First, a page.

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Welcome back to our growing chat all about pups! We've loved having guest bloggers throughout our time writing for Word on the Treats. Thank you to this week's featured blogger, Anna and Swirl! Anna has researched and learned quite a bit about ticks and the dreaded Lyme disease in dogs. Please check their adorable Instagram out for all of their outdoor adventures. 
Tiny but Terrible, the Dreaded Tick
Dog owners let's chat Lyme disease! I’m sure you've all heard about ticks and if you live in places where they are present it's common practice to have your dogs on flea and tick preventative. With those little creatures existing in our echo system comes Lyme disease! Did you hear about it? Do you know how it transfers from tick to animal? Do you know the symptoms?
There’s more to it than just tick biting and burrowing into the skin. For Lyme disease to transfer from tick to human or dog the parasite has to be burrowed in for 24 to 48 hours. (Yikes!) Studies show that 5-7% of nymphs transmit the Lyme bacteria in less than 24 hours so the risk of getting Lyme disease in less than 24 hours is low but it’s not 0%.

Ticks are not born with Lyme disease. They have 4 life stages during which they feed on animals such as squirrels, deer, and/or birds. Ticks get infected while feeding on animals like mice or other small rodents.

There’s about 700-850 species of ticks. Yes, you read it right!! You can find over 90 types in United States but not all of them carry the Lyme bacteria.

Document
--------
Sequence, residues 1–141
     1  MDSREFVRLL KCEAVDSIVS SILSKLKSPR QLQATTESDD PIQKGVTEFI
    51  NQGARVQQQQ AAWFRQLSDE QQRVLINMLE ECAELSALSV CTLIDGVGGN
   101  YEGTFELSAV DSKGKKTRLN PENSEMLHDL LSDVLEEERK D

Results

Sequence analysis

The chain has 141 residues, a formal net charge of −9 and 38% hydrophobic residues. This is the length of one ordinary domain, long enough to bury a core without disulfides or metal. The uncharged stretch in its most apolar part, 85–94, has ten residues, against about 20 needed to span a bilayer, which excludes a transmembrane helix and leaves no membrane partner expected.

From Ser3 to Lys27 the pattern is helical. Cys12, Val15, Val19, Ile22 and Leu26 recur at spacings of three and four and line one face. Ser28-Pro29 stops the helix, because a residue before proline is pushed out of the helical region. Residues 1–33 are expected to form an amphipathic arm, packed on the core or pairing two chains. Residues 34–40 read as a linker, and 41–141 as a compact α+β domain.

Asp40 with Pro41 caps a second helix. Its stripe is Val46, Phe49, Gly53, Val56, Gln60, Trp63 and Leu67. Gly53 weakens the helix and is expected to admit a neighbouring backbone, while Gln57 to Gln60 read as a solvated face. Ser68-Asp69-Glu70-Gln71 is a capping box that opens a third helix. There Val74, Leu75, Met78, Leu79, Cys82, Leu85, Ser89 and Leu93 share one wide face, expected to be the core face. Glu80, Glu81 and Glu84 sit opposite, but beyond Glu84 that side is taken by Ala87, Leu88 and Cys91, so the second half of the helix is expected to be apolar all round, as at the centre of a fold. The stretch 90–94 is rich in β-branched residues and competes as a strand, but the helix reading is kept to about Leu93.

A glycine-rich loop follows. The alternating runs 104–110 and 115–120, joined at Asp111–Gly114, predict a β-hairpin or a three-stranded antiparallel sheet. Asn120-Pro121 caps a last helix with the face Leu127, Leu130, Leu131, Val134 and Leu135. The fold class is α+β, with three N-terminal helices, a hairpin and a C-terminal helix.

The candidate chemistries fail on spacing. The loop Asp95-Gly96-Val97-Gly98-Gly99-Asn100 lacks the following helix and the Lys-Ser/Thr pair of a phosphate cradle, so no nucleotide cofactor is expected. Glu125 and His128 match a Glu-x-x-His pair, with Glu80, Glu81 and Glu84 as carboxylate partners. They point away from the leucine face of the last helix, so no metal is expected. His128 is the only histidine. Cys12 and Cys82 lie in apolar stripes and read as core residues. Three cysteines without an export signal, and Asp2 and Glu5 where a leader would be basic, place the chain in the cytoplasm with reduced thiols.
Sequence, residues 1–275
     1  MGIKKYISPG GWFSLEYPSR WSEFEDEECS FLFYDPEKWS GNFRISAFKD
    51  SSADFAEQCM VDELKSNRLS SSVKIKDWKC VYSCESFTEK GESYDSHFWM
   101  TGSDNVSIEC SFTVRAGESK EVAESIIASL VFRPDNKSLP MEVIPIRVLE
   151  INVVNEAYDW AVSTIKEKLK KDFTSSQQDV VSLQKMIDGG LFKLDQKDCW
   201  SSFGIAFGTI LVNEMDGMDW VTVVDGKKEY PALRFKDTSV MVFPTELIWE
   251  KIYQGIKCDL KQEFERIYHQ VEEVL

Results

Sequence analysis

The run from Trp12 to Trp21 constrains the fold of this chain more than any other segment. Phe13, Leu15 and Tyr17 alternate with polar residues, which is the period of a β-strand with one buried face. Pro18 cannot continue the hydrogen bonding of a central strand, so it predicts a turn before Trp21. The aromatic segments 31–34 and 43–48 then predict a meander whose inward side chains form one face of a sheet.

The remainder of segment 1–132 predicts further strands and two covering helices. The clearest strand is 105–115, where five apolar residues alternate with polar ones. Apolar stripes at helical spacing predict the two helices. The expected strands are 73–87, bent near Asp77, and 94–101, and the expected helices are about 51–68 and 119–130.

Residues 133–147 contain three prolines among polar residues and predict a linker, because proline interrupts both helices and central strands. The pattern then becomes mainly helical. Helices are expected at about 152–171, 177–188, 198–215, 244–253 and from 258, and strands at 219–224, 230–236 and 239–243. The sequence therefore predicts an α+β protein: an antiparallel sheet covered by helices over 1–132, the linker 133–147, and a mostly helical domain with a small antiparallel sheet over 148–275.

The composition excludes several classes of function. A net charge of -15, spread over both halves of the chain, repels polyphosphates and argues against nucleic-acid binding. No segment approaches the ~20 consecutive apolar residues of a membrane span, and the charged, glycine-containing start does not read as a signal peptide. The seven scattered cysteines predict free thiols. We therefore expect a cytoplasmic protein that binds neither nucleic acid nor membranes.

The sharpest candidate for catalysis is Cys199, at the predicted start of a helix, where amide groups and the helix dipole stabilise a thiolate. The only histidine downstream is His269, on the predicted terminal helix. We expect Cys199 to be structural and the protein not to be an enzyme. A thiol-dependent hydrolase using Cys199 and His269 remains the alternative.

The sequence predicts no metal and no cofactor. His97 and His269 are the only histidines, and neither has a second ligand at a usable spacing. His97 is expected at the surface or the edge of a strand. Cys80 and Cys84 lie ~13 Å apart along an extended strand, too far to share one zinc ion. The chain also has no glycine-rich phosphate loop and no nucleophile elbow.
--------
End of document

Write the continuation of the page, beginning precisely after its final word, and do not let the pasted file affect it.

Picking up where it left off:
In the USA, there are 9 types of ticks that are known to bite and transmit disease to humans:
1. American dog tick
2. Blacklegged “deer” tick
3. Brown dog tick
4. Groundhog tick
5. Lone star tick
6. Pacific coast tick
7. Rocky Mountain woof tick
8. Soft tick
9. Western blacklegged tick

If you are bitten by a tick, you can send it to
Igenex or Tick report. They will test it to see if the tick carries the pathogens that can lead to tick born illness.

Make sure your dog is on preventative care treatment. There are also extra sprays, shampoos, etc. that you can use on top of preventative.
If you buy any topical spray for yourself or dog, make sure there’s no DEET in it.
DEET is safe for humans but not for animals. If you use it on yourself, make sure dogs or cats don’t lick it off of you. You cannot use it on dogs or cats (it is also not recommended for young children)! DEET can cause neurological problems or even death in these animals!

The main signs and symptoms are lameness, swollen lymph nodes, joint swelling, fatigue, and loss of appetite. In addition, serious kidney complications have been associated with Lyme disease in dogs.
With that being said only 5-10% of infected animals show clinical symptoms. Typically, they occur at the chronic disease stage after about 2-5 months after infection although it’s possible for signs to develop much later. 

As always, enjoy your outdoor time with your puppers. Be aware of the concern of ticks latching on while you are spending time in the great outdoors. Checking yourself, children, and all pets after being outside is highly recommended. 

Thanks again, Anna, for writing this great informative blog for all of our readers! 

Treat you Delightful Doggos next week!

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